GAINESVILLE — Gainesville State School and Texas Juvenile Justice Department leaders and board members broke ground Wednesday on a new facility and program that will help juvenile offenders learn agricultural skills and access a special type of horse therapy that has been proven to help at-risk youth with rehabilitation.
Tornado Ranch, as the facility adjacent to the school is named, will comprise a complex of small farm buildings on 80 acres of sprawling pastureland partially shaded by large oak trees. It is expected to begin operations in early 2018, according to a news release issued Thursday by the juvenile justice department.
The facility currently houses two donated horses, Marquis and Delano, and two pot-bellied pigs and their new brood of babies. It will be adding more pigs, goats and cattle that the youth will help manage. Donated rescue horses and trained riding horses will share the land and participate in the Equine Assisted Psychotherapy program, a signature feature of Tornado Ranch.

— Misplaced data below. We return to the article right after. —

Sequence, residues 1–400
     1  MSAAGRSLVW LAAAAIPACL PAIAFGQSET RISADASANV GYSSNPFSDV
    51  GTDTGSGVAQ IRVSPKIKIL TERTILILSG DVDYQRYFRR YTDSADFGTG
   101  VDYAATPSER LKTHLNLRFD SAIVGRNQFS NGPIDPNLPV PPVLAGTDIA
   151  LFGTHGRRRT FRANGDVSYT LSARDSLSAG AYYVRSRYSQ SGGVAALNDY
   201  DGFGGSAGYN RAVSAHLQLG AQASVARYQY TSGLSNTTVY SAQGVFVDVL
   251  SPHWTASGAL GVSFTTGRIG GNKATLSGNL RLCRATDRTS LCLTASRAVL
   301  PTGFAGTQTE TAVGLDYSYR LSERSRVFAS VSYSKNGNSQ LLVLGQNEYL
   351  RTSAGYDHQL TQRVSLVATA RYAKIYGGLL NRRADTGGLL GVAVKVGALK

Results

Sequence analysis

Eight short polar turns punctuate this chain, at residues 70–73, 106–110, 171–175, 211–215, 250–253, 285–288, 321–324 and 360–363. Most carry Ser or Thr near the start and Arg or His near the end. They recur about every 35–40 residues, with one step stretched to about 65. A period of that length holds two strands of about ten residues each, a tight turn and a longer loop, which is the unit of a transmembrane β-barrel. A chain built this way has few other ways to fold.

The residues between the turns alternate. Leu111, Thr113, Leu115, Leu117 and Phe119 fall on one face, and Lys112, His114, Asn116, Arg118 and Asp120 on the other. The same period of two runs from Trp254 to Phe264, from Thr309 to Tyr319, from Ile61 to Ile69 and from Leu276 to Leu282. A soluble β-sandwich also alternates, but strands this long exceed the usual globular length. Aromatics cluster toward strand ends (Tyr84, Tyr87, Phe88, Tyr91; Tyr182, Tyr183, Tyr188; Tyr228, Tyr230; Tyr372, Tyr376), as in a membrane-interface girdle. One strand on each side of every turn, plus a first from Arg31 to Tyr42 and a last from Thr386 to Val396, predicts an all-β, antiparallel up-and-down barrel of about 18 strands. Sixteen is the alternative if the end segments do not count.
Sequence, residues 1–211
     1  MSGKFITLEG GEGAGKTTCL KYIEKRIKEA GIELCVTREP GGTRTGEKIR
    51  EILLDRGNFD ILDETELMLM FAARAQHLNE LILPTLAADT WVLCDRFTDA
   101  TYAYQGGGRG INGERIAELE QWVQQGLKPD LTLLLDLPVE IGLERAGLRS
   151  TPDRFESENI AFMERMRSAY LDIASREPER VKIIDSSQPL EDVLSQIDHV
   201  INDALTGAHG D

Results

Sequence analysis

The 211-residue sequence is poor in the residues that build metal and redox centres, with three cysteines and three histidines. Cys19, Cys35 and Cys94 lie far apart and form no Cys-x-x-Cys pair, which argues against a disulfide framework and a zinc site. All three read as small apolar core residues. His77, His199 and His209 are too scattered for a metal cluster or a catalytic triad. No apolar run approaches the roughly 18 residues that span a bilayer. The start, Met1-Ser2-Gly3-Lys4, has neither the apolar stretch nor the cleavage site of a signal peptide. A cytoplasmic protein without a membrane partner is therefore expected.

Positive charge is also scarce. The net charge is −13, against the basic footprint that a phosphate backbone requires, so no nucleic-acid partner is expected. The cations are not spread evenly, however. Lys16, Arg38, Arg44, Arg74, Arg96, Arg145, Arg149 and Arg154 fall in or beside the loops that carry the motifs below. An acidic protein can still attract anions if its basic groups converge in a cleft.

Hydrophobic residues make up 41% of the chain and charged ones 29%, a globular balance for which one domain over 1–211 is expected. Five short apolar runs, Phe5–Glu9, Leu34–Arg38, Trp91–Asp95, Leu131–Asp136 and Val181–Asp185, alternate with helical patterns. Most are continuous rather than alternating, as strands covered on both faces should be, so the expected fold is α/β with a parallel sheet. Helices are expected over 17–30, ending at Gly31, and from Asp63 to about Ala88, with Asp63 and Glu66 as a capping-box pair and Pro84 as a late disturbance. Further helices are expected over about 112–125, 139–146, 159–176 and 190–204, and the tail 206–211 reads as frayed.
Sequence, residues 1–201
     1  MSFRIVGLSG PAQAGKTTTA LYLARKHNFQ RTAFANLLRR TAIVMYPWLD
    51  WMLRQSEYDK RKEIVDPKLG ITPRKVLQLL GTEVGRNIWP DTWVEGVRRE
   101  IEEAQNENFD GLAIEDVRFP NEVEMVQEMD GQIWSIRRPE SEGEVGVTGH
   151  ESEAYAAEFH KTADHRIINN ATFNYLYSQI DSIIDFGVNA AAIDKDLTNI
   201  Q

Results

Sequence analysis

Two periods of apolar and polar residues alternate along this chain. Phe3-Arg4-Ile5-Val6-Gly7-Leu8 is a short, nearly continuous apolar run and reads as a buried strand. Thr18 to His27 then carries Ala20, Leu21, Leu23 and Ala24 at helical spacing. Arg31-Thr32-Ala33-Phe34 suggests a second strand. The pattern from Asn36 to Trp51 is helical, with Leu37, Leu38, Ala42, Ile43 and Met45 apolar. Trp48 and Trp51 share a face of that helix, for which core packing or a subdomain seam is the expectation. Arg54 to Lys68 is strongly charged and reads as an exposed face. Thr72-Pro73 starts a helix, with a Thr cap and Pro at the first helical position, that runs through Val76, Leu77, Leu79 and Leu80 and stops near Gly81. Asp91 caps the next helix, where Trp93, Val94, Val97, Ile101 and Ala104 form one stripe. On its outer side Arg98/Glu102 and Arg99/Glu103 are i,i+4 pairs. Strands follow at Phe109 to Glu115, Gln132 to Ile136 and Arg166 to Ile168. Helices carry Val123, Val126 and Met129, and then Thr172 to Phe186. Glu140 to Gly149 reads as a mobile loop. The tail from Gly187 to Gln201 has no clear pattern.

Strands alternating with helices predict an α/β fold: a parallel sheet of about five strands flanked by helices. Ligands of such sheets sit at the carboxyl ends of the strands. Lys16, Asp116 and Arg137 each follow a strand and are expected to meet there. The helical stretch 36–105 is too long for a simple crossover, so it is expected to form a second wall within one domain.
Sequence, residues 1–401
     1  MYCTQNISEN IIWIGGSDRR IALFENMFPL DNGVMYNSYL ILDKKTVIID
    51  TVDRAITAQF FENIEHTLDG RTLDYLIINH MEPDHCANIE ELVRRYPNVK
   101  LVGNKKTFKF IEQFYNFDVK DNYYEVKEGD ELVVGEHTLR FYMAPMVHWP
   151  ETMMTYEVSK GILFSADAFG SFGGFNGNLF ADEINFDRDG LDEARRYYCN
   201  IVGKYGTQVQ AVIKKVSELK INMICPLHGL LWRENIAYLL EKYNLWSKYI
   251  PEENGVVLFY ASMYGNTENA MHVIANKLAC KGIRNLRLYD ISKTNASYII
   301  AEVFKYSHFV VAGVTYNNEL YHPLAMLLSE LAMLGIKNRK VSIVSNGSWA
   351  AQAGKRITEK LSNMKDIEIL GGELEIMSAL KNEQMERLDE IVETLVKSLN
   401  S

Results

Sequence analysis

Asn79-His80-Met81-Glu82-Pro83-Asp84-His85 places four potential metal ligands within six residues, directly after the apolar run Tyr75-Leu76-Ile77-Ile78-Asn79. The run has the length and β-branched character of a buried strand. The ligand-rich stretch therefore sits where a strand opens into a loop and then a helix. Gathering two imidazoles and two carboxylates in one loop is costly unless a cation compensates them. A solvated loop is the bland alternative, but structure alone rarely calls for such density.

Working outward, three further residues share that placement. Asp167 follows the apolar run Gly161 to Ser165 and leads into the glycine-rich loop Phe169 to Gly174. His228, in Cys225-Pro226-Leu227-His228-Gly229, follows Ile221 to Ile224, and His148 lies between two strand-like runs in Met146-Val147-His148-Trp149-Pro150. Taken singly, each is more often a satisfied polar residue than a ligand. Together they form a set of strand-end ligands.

The Gainesville State School, the agency's largest secured facility, provides rehabilitation services to adjudicated youth who are released back into communities across Texas. The school houses about 250 youths who've been committed by Juvenile Court Judges to serve time.